For years, the Best Doctors issue of New York magazine has cited the same six doctors as top celiac specialists in the area. But this year, there are only five doctors listed—and that poses what might be considered a "minor" problem.
Back in 2006, there was some discussion of the flaws of the Best Doctors listings. As I wrote then:
How reliable are the lists? At Slate, physician [Kent Sepkowitz] prescribes taking them with a grain of a salt. "To my expert eye," he writes, "every year the New York survey gets it about half right: Half of the selections are first-rate doctors, no doubt about it. Another 25 percent are people whom I don't know well (though I have my doubts), and 25 percent are certifiable duds--doctors who (hopefully) haven't seen a patient in years but have risen to the lofty realm of high society and semi-celebrityhood."So this year, when you search for the best doctors under the keyword celiac, you get five doctors—all of whom happen to be pediatric gastroenterologists:
I haven't charted my own experience with the list, but that sounds about right. I think that, when searching for a physician in the medically populous metropolitan area, it's good to seek and consider the advice of doctors you already trust, support group members, and friends in addition to the Best Doctor/Top Doctor guides. It's not easy to sort through all of that, but the method might give you the best odds of getting optimal results.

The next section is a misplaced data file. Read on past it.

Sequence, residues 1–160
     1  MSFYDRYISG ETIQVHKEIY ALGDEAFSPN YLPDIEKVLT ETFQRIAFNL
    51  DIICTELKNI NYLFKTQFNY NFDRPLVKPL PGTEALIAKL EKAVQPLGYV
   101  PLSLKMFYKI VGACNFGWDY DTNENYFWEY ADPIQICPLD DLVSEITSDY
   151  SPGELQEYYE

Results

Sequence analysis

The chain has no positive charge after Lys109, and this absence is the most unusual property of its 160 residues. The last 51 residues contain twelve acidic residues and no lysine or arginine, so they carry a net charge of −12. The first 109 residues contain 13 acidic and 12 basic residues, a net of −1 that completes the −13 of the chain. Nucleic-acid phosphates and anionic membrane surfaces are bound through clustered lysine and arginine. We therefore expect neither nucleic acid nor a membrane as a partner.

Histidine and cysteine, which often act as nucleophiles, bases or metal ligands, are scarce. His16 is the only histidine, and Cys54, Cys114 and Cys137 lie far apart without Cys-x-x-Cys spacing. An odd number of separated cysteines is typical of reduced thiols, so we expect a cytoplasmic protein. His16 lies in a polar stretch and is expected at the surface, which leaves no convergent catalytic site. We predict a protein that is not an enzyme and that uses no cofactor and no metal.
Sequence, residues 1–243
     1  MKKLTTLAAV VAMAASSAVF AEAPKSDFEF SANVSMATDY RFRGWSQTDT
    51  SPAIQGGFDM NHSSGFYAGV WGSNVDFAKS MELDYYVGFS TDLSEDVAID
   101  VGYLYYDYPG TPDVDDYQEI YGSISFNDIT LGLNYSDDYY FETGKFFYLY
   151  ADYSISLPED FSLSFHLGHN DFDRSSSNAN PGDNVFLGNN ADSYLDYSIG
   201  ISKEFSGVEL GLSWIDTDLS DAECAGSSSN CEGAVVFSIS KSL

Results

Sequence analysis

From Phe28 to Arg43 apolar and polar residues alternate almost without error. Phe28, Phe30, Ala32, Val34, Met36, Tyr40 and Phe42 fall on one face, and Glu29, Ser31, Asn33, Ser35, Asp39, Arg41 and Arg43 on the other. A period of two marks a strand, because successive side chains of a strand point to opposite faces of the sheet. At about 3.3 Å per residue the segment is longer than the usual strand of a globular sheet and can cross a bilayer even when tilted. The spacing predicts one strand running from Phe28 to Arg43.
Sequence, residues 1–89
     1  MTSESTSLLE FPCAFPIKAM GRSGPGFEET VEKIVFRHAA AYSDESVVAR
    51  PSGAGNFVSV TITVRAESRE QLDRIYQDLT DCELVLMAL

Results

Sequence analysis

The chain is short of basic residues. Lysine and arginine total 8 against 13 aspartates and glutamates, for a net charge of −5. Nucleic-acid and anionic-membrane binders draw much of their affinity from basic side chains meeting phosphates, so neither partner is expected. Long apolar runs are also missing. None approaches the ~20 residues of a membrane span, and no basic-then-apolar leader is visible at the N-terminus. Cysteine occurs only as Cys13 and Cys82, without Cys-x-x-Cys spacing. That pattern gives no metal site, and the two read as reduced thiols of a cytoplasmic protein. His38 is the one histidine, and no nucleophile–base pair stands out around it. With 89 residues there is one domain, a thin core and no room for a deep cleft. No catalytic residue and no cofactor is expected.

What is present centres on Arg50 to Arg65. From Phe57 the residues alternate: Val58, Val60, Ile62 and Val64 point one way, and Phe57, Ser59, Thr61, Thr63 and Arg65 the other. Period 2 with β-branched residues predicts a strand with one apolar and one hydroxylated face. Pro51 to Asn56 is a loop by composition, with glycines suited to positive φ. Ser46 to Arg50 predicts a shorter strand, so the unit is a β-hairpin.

Dr. Philip KazlowMissing from the list is any non-pediatric gastroenterologist who specializes in celiac disease. This is odd because Dr. Peter Green—one of the country's leading celiac disease specialists and a longtime "Best Doctor" (and, yes, also one of my own doctors)—is still alive and well and heading the Celiac Disease Center at Columbia University (CDCCU), where Dr. Kazlow practices and where Dr. Levy once practiced.
New York-Presbyterian/Morgan Stanley Children's Hospital (Manhattan), Valley Hospital (Ridgewood, NJ)
Dr. Joseph Levy
NYU Medical Center (Manhattan)
Dr. Keith Benkov
Mount Sinai Medical Center (Manhattan), Englewood Hospital & Medical Center (Englewood, NJ)
Dr. Leonard Newman
Westchester Medical Center (Valhalla, NY), Our Lady of Mercy Medical Center (Bronx)
Dr. Michael Pettei
Schneider Children's Hospital, North Shore University Hospital (Manhasset/New Hyde Park, NY)
So if, like more and more people, you're seeking a non-pediatric celiac disease—or dermatitis herpetiformus (DH)—specialist in New York City, I don't think the 2008 Best Doctors list will be very useful to you. New York magazine and its partner on the article, Castle Connolly, have done readers a disservice by not listing a single specialist for adult celiac disease.
Take heart, though. Here at Gluten-Free NYC, I'd still suggest contacting the CDCCU. There is, at present, no comparable facility in the Big Apple (though I do note the recent opening of the Kogan Celiac Center in Livingston, New Jersey).